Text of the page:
Entirely surrounded by scenic mountain peaks, ancient rivers, and cozy coves, Western North Carolina provides an outdoor setting like no other. And the unincorporated hamlet of Cedar Mountain sits right in the thick of it. With what seems like thousands of miles of well-managed trails within just a small radius, Cedar Mountain locals enjoy the outdoor playgrounds they find right in their backyards.
Take time to explore this amazing area and breathe in our fresh mountain air! Here are five hikes within five miles of Cedar Mountain, NC.
Lake View Loop Trail
DuPont State Recreational Forest abounds with, well, opportunities to recreate. There are enough hiking trails to keep you busy for a lifetime. But among our favorites is the short and easy Lake View Loop. The quarter-mile loop is easily accessible from Lake Julia Road and offers views of the water. A dock and picnic tables are nearby, offering plenty of opportunities to spend an entire day enjoying the mountains and water. For more serious hikers, the Lake View Loop can be reached at the end of the more difficult, 3.5-mile Reasonover Creek Trail, which features beautiful wildflowers along its path.
Burnt Mountain Trail
Tucked along the edge of DuPont State Forest, the 2.2-mile Burnt Mountain Trail is possibly the most challenging on this list. The trail is popular with mountain bikers, as it follows an old road bed, and features beautiful wildflowers along the route. While Burnt Mountain Trail does take you to the mountain summit, it’s its winding path along the Little River that makes it worth trying. For a more scenic experience, take some side trails down to the river. When the weather is right, you may catch a few low-running waterfalls. This trail connects to the Corn Mill Shoals Trail for a 3.9-mile loop.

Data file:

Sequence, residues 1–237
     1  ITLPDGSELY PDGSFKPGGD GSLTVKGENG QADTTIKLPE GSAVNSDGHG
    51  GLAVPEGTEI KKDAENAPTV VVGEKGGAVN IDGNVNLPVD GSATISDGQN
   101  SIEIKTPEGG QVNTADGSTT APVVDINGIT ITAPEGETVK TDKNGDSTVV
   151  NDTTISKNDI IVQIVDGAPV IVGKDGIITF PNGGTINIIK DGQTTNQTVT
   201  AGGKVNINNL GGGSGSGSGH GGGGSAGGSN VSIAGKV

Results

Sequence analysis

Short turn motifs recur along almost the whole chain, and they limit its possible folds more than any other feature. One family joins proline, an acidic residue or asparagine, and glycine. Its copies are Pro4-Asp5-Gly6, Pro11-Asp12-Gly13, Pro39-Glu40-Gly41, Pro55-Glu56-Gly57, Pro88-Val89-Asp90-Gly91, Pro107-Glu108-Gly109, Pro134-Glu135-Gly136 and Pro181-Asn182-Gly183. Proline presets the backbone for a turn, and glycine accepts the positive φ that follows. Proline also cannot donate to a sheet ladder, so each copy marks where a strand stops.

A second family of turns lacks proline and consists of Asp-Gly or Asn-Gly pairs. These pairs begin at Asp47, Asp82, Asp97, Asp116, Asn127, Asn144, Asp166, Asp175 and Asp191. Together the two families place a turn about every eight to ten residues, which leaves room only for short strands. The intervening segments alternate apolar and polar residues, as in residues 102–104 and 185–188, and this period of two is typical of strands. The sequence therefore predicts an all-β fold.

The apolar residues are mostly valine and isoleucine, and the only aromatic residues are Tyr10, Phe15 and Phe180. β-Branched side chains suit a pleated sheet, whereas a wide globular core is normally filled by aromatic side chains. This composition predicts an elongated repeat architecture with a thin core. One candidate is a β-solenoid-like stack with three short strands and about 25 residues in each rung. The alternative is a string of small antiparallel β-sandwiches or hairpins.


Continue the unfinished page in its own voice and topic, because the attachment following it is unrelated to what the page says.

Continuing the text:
Head down US-276 from Cedar Mountain, and four miles later, past the South Carolina state line, is Caesars Head State Park. The park is named for a granitic gneiss outcropping atop the dramatic Blue Ridge Escarpment. The peak’s overlook is easily accessible, treating hikers to incredible views of nearby Table Rock Mountain. On clear days, you may even be able to spot distant Greenville. In the fall, thousands of hawks migrate through the park, offering additional wonders. There is a small fee for trail access, but a dedicated parking lot is open from 9:00AM–6:00PM. And their visitors center makes a great stop either before or after hitting the trail.
Raven Cliff Falls Trail
Among the 60+ miles of challenging trails in Caesars Head State Park is the four-mile-round-trip Raven Cliff Falls Trail. This popular hiking trail leads to another scenic overlook from which you can view the 420-foot Raven Cliff Falls. There is also a 6.6-mile round trip hike to a suspension bridge that crosses the creek above Raven Cliff Falls. The bridge offers a unique view of the falls as they plunge deep into the mountain cove below. If you enjoy waterfall hikes, you’re in luck here! Five additional waterfalls are accessible throughout Caesars Head State Park, including Rainbow Falls.
Jones Gap Trail
Rounding off our adventures over the SC state line is a hike along Jones Gap Trail. Caesars Head connects to Jones Gap State Park by what is known as the Mountain Bridge Wilderness Area. This 13,000-acre area of pristine Southern mountain forest is not to be missed! Hikers can take a number of loop and traverse hiking trails that connect the parks, including the five-mile Jones Gap Trail. South Carolina’s first designated scenic river, the Middle Saluda River, runs through Jones Gap. In addition to great trout fishing, hikers can enjoy dipping into swimming holes along the river. The park also features a living lab for the park’s hand-on ecology learning center.